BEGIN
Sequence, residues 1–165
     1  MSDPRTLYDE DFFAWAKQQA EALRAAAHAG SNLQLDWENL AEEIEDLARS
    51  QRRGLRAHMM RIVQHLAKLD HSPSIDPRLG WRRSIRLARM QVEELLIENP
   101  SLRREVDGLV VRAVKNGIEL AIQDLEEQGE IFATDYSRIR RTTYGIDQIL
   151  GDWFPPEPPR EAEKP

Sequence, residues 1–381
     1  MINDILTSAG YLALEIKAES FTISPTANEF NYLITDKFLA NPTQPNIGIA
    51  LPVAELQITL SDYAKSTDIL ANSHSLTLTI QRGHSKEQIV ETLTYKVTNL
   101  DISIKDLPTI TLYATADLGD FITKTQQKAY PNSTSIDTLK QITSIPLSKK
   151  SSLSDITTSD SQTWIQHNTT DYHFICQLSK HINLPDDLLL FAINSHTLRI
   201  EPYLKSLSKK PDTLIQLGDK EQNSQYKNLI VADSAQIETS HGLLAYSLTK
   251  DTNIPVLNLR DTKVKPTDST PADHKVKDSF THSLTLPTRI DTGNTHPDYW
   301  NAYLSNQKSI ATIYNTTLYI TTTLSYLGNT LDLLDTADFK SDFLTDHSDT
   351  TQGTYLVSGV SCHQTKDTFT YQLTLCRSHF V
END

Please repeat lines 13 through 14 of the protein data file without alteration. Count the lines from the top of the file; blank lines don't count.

   301  NAYLSNQKSI ATIYNTTLYI TTTLSYLGNT LDLLDTADFK SDFLTDHSDT
   351  TQGTYLVSGV SCHQTKDTFT YQLTLCRSHF V